• breast cancer;
  • cancer registry;
  • epidemiology, record linkage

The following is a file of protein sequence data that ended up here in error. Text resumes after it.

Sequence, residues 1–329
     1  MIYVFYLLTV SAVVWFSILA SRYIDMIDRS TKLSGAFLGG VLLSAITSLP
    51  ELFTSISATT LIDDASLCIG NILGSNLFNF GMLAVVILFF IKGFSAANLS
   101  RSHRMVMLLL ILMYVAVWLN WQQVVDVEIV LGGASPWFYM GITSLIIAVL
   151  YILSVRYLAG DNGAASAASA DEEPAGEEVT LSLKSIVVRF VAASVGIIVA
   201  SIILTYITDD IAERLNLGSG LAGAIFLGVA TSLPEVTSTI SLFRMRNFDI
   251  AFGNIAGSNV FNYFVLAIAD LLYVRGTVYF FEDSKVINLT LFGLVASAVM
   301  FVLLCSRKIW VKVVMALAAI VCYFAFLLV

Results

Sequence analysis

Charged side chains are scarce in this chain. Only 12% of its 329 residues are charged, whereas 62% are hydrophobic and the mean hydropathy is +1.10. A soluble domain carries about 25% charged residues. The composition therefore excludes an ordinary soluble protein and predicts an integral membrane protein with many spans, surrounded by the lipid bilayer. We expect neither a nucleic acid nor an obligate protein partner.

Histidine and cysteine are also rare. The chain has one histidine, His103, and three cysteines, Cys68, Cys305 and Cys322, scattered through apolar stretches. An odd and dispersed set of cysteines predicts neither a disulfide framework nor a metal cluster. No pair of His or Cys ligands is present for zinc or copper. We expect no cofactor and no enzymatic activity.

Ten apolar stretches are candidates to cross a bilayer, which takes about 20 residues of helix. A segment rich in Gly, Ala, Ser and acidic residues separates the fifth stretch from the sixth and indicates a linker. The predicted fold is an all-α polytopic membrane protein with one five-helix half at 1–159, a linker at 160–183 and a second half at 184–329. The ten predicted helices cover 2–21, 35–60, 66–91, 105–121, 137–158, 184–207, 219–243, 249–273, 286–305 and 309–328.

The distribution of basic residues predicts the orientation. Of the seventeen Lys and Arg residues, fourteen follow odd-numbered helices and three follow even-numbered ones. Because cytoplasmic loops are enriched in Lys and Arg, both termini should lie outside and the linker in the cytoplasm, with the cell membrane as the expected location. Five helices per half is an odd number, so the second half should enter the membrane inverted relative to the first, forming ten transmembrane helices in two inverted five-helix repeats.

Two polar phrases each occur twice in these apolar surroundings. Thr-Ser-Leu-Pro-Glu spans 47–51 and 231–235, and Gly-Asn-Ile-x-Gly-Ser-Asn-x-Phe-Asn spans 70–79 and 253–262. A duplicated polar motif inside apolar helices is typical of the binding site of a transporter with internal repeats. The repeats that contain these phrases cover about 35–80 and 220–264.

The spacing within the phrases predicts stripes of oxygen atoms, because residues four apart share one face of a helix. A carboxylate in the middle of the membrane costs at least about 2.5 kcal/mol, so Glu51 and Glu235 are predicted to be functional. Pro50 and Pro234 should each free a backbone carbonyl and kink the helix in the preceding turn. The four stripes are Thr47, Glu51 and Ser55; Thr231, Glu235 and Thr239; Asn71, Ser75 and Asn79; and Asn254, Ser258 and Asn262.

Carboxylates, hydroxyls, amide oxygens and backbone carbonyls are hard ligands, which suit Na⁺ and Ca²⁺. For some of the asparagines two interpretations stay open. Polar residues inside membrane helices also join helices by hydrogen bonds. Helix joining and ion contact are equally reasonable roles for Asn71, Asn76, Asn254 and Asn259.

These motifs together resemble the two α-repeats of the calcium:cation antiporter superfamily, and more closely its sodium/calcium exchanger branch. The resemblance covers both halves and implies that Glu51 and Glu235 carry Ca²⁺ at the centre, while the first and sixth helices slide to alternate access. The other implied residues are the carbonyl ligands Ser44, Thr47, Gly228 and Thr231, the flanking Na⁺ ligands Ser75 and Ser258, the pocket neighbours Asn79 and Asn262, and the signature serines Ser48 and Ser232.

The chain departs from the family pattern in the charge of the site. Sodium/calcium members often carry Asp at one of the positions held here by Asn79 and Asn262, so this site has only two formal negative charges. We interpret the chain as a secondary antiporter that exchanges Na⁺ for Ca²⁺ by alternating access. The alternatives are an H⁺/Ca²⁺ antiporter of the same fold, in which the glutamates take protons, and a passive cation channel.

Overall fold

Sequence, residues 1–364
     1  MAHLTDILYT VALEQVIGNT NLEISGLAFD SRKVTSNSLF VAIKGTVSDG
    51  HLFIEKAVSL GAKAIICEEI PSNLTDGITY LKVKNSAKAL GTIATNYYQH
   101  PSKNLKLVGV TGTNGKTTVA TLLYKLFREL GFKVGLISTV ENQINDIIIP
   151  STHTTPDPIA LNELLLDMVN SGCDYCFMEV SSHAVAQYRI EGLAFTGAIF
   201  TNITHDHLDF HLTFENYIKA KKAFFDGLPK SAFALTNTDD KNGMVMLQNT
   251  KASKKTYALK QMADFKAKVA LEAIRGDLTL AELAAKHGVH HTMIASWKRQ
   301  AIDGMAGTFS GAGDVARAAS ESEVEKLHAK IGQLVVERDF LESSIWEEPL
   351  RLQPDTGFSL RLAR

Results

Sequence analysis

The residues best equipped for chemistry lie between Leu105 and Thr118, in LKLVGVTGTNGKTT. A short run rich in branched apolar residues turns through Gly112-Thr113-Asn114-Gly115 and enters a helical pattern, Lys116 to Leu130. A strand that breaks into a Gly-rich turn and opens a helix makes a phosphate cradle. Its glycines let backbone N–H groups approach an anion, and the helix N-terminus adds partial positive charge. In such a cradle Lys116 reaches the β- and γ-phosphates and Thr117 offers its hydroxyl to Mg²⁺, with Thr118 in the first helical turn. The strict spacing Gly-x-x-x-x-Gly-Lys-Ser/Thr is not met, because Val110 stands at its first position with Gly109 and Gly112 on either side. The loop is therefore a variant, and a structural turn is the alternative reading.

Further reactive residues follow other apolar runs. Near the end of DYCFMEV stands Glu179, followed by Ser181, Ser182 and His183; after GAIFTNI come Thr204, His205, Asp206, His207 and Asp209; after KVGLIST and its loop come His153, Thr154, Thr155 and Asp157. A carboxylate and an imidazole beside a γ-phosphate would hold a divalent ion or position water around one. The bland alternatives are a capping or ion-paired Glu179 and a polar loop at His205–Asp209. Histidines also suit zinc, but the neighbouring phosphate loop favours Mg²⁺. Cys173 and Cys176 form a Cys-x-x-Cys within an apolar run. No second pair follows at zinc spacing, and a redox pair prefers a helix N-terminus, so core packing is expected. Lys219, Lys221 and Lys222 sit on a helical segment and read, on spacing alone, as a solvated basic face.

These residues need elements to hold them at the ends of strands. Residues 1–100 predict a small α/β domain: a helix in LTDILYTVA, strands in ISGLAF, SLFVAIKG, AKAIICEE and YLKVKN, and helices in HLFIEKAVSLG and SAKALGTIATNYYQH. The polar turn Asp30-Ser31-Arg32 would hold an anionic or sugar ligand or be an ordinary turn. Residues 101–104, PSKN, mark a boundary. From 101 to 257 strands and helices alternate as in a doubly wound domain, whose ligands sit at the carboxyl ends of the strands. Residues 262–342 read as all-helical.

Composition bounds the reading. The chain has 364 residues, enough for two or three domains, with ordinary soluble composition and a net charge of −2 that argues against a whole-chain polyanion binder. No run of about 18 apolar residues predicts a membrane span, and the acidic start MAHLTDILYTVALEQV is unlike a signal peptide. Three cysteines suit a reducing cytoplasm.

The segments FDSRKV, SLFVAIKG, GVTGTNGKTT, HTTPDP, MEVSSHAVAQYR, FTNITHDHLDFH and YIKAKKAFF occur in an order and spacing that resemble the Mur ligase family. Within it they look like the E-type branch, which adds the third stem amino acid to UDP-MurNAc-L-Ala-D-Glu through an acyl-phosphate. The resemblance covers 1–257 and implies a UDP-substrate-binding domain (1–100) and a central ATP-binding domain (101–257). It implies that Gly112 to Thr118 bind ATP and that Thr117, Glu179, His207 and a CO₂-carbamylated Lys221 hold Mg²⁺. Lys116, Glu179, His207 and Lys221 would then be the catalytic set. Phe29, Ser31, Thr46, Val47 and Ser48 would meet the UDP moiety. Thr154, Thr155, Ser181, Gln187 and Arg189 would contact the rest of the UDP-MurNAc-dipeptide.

Younger women who develop breast cancer are hypothesized to have poorer survival rates than women who develop it at a later stage in life. Several studies have suggested that differences in biologic characteristics of breast cancer in younger (premenopausal) and older (postmenopausal) women may account for the prognostic variation. This population-based cohort study reports on survival rates of breast cancer in Singapore and examines the hypothesis that younger breast cancer patients have a poorer prognosis. A total of 6,397 breast cancer patients diagnosed from 1968 to 1992 were identified from the population-based cancer registry and followed up through 1997. Outcome measures were relative survival rates (RSRs) calculated using Hakulinen's method and excess hazards ratios (HRs) derived from a regression model based on relative survival. The 2-, 5- and 10-year RSRs were worse among those aged > 75 (65%, 48% and 39%, respectively). The best survival rates were seen among those aged 40–44 (84%, 67% and 56%). Patients younger than 35 years faired reasonably well (79%, 60% and 50%). When the data were stratified according to clinical stage and calendar year, the highest risk of excess deaths was found in women ≥ 75 years old. In patients with localized cancer and/or regional metastases, those in the 35–39 age group had the lowest excess risk. In patients with distant metastases, those younger than 35 years of age had the lowest excess risk of death. At the population level, younger women (< 45 years) with breast cancer in Singapore have higher relative survival rates. © 2003 Wiley-Liss, Inc.